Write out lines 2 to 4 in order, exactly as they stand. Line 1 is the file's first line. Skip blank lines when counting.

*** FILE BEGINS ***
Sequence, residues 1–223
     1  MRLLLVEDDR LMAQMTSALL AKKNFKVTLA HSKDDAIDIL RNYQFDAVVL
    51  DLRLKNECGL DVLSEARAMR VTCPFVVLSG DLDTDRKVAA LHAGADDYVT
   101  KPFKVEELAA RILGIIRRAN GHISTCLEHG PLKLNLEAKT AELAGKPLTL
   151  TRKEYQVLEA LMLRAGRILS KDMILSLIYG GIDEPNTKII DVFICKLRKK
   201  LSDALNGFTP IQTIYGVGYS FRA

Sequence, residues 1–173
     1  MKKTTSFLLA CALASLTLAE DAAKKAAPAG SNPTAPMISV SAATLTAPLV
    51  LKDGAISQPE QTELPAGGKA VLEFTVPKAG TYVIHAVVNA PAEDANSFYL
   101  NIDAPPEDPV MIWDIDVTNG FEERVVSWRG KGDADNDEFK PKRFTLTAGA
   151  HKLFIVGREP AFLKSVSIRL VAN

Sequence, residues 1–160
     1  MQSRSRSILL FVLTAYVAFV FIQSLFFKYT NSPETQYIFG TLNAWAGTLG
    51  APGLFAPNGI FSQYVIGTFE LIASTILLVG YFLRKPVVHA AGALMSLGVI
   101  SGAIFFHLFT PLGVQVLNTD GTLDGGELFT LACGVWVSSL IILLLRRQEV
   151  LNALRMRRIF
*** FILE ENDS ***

     1  MRLLLVEDDR LMAQMTSALL AKKNFKVTLA HSKDDAIDIL RNYQFDAVVL
    51  DLRLKNECGL DVLSEARAMR VTCPFVVLSG DLDTDRKVAA LHAGADDYVT
   101  KPFKVEELAA RILGIIRRAN GHISTCLEHG PLKLNLEAKT AELAGKPLTL